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Advanced Plant Genome Editing and Selection
Provider: Faculty of Science

Activity no.: 5726-21-09-31There are 8 available seats 
Enrollment deadline: 17/01/2022
PlaceDepartment of Plant and Environmental Sciences
Date and timeFebruary 2022 - April 2022
Regular seats10
ECTS credits7.50
Contact personHans Thordal-Christensen    E-mail address: htc@plen.ku.dk
Enrolment Handling/Course OrganiserHans Thordal-Christensen    E-mail address: htc@plen.ku.dk
Written languageEnglish
Teaching languageEnglish
Exam formCourse participation
Exam formWritten assignment
Exam detailsOral exam. Prerequisite for examination: participation in 75% of the course and submission of both reports
Course workload
Course workload categoryHours
Practical exercises110.00
Preparation / Self-Study70.00


In this course, we demonstrate how advanced technologies and strategies can be used for future modification of important cultured plants that are disease-free and meet the demands for environmentally sustainable production of food, feed, industrial raw material and ornamentals of high quality.

Novel methods are presented by which plants can be modified and how the best lines can be selected. The students will see that molecular plant breeding is demand-driven, and that high creativity may be required in order to fulfill these demands.

The course will be based on lectures as well as theoretical and practical exercises and it will focus on two major technologies to be used for plant improvements: “genome editing” and “genomic selection”.

“Genome editing” describes site-directed genome modification methods, such as TILLING, TALEN and not least CRISPR/Cas9. Target genes will be selected based on prior knowledge of molecular processes relevant for plant improvements. Bioinformatics will be used to design DNA constructs for CRISPR/Cas9. A laboratory exercise using CRISPR/Cas9 site-directed genome editing is included in the course.

“Genomic Selection” describes the use of molecular genetic markers, genomics for allele-selection, and genome-wide association studies (GWAS) to explore natural variation present in plant genetic resources (mutants, landraces, wild relatives). Information from the massive amounts of data emerging from whole genome sequencing, functional genomics, and phenotyping technologies will be discussed with focus at GWAS for gene-discovery and genomic selection for plant breeding. Laboratory exercises on GWAS for finding candidate genes behind traits will be included in the course.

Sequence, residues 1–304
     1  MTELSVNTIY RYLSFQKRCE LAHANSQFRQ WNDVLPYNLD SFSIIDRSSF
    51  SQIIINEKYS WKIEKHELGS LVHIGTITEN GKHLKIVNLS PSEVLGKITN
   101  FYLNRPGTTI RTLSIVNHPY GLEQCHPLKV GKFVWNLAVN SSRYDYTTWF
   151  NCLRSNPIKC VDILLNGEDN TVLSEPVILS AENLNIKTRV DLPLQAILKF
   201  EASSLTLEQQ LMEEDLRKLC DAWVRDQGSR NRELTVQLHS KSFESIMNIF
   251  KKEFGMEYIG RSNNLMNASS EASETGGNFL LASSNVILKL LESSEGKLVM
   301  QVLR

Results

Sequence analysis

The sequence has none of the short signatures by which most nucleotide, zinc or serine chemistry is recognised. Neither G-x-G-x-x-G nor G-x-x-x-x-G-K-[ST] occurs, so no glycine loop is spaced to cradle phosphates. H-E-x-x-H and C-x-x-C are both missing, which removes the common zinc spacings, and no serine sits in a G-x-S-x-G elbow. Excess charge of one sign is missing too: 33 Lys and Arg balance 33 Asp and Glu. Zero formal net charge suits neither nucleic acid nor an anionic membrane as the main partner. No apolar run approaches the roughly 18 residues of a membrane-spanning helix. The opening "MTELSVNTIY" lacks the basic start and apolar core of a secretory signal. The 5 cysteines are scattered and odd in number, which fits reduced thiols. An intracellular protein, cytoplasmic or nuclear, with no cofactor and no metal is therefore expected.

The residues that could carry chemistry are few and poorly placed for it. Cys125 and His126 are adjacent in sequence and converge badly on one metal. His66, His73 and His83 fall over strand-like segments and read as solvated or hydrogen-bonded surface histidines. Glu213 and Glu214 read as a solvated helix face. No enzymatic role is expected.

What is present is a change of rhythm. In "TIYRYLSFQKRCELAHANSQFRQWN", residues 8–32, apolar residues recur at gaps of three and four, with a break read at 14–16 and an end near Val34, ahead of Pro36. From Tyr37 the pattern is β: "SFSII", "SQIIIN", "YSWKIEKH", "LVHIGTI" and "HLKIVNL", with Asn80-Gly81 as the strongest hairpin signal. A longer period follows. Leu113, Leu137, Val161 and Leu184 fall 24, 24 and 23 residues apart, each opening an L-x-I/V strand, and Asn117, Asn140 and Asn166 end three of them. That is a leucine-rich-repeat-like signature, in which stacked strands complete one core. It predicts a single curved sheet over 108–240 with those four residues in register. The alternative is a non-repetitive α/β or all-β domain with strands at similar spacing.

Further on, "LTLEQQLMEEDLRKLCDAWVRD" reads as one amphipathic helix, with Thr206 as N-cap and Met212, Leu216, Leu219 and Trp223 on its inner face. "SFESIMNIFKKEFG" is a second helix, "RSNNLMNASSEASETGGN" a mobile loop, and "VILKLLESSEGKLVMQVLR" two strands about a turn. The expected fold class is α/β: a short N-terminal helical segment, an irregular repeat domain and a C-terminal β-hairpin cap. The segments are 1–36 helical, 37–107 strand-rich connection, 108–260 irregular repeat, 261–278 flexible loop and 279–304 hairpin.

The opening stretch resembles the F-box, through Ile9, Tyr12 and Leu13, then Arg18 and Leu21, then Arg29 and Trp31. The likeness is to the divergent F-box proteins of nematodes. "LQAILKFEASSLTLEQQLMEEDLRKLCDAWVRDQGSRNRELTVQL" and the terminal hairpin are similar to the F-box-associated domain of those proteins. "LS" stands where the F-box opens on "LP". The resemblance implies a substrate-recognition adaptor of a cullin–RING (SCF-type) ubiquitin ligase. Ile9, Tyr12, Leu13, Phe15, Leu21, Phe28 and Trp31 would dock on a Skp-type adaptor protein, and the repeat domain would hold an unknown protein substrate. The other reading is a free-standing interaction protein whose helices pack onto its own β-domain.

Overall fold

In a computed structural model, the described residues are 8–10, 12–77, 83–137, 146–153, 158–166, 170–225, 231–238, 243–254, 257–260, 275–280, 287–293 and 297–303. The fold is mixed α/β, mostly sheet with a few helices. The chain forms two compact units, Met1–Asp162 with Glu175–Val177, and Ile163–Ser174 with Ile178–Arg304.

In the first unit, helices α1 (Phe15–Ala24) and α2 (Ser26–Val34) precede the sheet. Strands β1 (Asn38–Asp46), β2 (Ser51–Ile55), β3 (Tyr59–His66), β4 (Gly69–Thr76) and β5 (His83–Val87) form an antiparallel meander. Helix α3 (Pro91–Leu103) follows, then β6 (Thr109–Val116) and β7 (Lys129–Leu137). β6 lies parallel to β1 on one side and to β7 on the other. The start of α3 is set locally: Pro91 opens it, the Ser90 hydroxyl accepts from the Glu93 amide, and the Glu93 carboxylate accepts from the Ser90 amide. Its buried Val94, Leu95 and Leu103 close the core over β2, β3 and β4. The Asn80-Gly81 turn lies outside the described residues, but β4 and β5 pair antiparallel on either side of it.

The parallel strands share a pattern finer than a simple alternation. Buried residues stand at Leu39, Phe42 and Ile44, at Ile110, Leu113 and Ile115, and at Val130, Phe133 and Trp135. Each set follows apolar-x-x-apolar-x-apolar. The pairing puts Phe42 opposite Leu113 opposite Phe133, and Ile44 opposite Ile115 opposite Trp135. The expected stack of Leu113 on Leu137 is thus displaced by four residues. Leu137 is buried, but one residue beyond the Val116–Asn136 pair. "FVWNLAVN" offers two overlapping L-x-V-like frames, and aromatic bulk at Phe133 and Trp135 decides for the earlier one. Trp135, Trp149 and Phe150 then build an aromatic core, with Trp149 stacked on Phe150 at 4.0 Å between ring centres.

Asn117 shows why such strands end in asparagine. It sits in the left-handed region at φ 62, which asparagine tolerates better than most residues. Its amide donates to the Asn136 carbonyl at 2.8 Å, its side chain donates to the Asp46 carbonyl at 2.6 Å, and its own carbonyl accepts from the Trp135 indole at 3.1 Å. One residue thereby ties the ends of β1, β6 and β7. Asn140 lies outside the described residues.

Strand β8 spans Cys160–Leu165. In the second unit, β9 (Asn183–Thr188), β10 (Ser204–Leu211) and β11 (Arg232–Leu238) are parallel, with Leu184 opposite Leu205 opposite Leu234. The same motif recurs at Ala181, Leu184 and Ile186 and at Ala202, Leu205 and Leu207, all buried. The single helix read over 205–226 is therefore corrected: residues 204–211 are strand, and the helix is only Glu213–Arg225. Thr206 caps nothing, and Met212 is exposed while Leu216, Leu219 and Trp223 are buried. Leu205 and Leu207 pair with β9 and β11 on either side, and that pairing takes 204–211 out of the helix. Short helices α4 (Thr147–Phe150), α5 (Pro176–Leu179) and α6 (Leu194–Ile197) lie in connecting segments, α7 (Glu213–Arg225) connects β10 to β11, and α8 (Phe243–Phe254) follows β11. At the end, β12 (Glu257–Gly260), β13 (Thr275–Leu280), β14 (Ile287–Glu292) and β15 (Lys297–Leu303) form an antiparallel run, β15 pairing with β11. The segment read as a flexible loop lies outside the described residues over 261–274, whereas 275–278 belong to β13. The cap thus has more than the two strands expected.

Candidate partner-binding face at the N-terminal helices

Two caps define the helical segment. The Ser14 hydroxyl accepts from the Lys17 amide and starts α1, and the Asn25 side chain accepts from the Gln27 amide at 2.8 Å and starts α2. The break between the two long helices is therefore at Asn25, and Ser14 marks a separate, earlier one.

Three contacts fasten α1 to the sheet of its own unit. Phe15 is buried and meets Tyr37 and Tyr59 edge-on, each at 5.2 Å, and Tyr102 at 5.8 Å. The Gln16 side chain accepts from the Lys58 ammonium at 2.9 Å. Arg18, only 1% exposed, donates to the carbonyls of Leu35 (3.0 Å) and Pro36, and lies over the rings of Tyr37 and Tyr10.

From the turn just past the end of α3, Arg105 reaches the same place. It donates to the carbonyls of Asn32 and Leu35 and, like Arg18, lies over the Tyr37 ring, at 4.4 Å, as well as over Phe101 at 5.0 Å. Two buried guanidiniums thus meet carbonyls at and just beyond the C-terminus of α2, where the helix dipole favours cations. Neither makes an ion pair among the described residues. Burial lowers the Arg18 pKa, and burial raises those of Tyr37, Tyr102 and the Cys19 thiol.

The theoretical and practical exercises will be made in small student groups. The results will be presented at small seminars and written reports on “Genome Editing” and on “Genome Selection” will be submitted.

The course is completed with an oral exam.

Aim and content
The course aims to introduce the newest progress in technologies to make site-specific changes in genomes (genome editing), identify genes important for specific phenotypes (GWAS) and advanced genotype selection in breeding (genomic selection).

Learning outcome
After completing the course the students should be able to:

- describe the theoretical basis for different genome editing and genomic selection strategies and evaluate their advantages and disadvantages
- describe molecular mechanisms behind the crop-related characters, e.g. disease resistance and quality traits
- characterize a number of key genes with major historic relevance in plant breeding
- mention major databases and literature within the area

- demonstrate laboratory experience in plant genome editing and genomic selection - demonstrate experience in bioinformatics

- construct programs for crop improvement using genome editing and genomic selection
- apply knowledge on molecular mechanisms behind selected plant characters to design demanded crop phenotypes

Lecture notes, scientific papers and reviews, laboratory protocols.

Teaching and learning methods
Lectures, laboratory exercises, theoretical exercises, discussions, journal clubs. A mixture of lectures for overviews and two four-week practical laboratory cases for small student groups in ongoing research areas. The students will describe this in two written reports.


Course fee PhD students (Open Market Agreement, Nova, VLAG): DKK 10.000


UCPH discloses non-sensitive personal data to course leader/speakers, if any. In addition, we will disclose non-sensitive personal data to the other participants in the course. Non-sensitive personal data includes names, job positions, institution names & addresses, telephone numbers and e-mail addresses

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